Reforming the EU fiscal framework

Researchers have often highlighted the problematic nature of the currently very complex EU fiscal framework. Here we review economists’ views on how it should be changed.

By: Silvia Merler Topic: European Macroeconomics & Governance Date: September 17, 2018
Read article More by this author

Podcast

Podcast

Director’s Cut: Europe’s migration policy challenge

Immigration is one of the most contentious policy matters currently facing the EU. In this Director’s Cut of ‘The Sound of Economics’ Bruegel director Guntram Wolff welcomes Ana Palacio, member of the Spanish council of state and former foreign affairs minister, as well as Bruegel visiting fellow Elina Ribakova for a constructive discussion as to which approaches will yield the best results.

By: The Sound of Economics Topic: European Macroeconomics & Governance, Global Economics & Governance Date: September 14, 2018
Read article More on this topic

Blog Post

The economic case for an expenditure rule in Europe

Proposals for reforming the euro area back on the agenda. An overhaul of the European fiscal rules should be on high on this agenda, because the current fiscal framework has not worked well. This column proposes substituting the numerous and complex present rules with a new, simple rule focused on limiting annual growth rate of expenditures.

By: Zsolt Darvas, Philippe Martin and Xavier Ragot Topic: European Macroeconomics & Governance Date: September 13, 2018
Read article Download PDF More on this topic

External Publication

The EU’s Multiannual Financial Framework and some implications for CESEE countries

Bruegel scholars Zsolt Darvas and Guntram Wolff contributed to the September 2018 edition of the OeNB's Focus on European Economic Integration.

By: Zsolt Darvas and Guntram B. Wolff Topic: European Macroeconomics & Governance Date: September 12, 2018
Read about event More on this topic

Past Event

Past Event

Reforming Europe's fiscal framework

This event will discuss reforming Europe's fiscal framework in order to make it less complex and more effective.

Speakers: Zsolt Darvas, Lars Feld, Philippe Martin, Lucio Pench and Beatrice Pierluigi Topic: European Macroeconomics & Governance Location: Bruegel, Rue de la Charité 33, 1210 Brussels Date: September 12, 2018
Read article More on this topic More by this author

Opinion

Should central European EU members join the euro zone?

Eurozone membership (or the use of a fixed exchange rate) was not a factor determining economic success in Central Europe. There were both good and bad macroeconomic performances in both the flexible and the fixed exchange rate regimes of Central European countries. The implication is that Central European “outs” could be economically successful both with and without the euro, yet the EU is not only about economic benefits.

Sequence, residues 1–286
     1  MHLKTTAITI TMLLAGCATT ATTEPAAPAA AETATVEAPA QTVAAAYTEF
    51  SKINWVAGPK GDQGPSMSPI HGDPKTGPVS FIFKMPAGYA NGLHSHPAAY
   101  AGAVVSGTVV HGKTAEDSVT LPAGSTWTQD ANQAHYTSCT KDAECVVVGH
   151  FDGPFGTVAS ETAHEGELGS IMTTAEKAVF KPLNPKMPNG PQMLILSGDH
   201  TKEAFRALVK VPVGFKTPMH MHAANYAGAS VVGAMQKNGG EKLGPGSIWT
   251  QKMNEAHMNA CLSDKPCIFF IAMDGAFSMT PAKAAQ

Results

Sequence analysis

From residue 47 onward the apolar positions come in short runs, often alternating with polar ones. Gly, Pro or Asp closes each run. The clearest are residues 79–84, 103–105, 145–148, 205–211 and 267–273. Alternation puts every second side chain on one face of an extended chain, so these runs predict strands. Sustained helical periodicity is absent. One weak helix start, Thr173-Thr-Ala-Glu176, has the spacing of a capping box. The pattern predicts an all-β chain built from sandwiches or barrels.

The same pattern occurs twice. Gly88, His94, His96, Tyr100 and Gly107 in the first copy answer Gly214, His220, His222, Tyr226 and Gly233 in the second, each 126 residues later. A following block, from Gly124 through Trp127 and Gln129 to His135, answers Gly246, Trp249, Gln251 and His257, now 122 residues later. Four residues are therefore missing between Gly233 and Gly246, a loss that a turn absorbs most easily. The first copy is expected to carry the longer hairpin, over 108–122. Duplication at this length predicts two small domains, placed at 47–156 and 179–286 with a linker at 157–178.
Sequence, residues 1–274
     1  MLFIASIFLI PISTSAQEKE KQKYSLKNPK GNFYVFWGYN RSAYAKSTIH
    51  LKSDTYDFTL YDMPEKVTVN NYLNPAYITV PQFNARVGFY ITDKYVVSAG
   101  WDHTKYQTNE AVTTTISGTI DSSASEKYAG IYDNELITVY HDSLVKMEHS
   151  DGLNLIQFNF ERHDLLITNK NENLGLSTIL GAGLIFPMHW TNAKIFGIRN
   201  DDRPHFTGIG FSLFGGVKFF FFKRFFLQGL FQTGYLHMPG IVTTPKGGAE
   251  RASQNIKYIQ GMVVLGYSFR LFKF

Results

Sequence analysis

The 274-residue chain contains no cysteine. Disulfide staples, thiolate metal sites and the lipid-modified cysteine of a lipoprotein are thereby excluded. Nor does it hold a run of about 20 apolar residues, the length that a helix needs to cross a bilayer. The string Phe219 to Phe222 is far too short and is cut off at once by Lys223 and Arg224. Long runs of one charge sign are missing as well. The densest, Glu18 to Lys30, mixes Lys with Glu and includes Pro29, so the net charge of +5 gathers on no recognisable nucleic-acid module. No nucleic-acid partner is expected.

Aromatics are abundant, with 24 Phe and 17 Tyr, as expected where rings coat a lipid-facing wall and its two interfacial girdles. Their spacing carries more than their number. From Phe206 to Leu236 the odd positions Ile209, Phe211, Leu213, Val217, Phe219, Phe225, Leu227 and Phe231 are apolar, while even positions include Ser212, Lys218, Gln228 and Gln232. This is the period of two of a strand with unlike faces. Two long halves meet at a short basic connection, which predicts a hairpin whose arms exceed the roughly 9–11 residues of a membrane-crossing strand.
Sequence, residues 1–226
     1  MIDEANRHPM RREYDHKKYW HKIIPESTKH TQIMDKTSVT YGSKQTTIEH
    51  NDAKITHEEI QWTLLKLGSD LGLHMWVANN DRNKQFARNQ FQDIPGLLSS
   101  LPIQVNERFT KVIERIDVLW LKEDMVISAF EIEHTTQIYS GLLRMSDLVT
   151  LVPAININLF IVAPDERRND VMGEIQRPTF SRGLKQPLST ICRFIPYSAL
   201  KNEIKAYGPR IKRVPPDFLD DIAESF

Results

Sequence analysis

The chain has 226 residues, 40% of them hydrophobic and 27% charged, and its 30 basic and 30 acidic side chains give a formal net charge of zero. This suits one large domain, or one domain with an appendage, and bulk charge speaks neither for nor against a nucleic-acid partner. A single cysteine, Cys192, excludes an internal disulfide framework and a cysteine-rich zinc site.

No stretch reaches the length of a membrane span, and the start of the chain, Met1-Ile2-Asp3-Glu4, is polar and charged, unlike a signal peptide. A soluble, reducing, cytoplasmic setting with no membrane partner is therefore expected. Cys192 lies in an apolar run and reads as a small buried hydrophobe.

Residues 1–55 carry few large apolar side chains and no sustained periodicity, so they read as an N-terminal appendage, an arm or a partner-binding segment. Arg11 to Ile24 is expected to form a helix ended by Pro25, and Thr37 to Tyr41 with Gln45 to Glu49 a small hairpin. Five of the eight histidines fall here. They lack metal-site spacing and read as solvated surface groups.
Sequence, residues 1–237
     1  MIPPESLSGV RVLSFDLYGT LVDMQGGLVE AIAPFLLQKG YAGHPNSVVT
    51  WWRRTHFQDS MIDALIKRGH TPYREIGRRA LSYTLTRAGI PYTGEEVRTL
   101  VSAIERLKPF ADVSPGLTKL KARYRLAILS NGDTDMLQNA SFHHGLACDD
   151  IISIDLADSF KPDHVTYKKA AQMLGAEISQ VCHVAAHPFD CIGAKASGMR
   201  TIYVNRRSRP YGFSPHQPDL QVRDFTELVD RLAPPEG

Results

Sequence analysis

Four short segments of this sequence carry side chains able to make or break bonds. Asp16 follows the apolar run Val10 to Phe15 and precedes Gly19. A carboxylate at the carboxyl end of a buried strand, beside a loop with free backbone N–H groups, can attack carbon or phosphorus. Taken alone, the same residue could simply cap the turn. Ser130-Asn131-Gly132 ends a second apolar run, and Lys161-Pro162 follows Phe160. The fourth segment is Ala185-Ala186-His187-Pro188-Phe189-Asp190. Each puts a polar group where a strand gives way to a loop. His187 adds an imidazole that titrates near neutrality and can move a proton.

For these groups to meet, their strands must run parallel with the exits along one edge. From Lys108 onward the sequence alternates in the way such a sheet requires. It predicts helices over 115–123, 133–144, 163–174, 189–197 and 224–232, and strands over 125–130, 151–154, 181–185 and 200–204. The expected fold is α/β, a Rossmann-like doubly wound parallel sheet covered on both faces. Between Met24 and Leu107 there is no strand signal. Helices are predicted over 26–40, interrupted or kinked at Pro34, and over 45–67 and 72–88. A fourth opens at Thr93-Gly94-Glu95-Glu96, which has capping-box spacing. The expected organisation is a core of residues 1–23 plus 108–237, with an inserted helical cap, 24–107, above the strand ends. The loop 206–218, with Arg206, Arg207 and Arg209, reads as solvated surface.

By: Zsolt Darvas Topic: European Macroeconomics & Governance Date: September 11, 2018
Read about event More on this topic

Upcoming Event

Oct
23
12:30

Europe: Back to the future of a political project

This event will feature a discussion on different ideas for reforming European Governance.

Speakers: Ulrike Guerot, Adriaan Schout and Guntram B. Wolff Topic: European Macroeconomics & Governance Location: Bruegel, Rue de la Charité 33, 1210 Brussels
Read article More on this topic

Blog Post

The higher yield on Italian government securities could soon be a burden for the real economy

The increase in the spread between Italian (BTP) and German (Bund) government securities is directly an additional burden for Italy public finance, and thus for tax payers. But it could soon also become a burden for the real economy, as the increased yield on Italian government securities could pull up the cost of bank loans for Italian firms, thus imparting a deflationary impact onto the economy.

By: Francesco Papadia and Inês Goncalves Raposo Topic: European Macroeconomics & Governance Date: September 10, 2018
Read article Download PDF

Policy Contribution

The economic potential and risks of crypto assets: is a regulatory framework needed?

What is the economic potential and the risks of crypto assets? Regulators and supervisors have taken great interest in these new markets. This Policy Contribution is a version of a paper written at the request of the Austrian Presidency of the Council of the European Union for the informal ECOFIN meeting of EU finance ministers and central bank governors.

By: Maria Demertzis and Guntram B. Wolff Topic: European Macroeconomics & Governance, Testimonies Date: September 6, 2018
Load more posts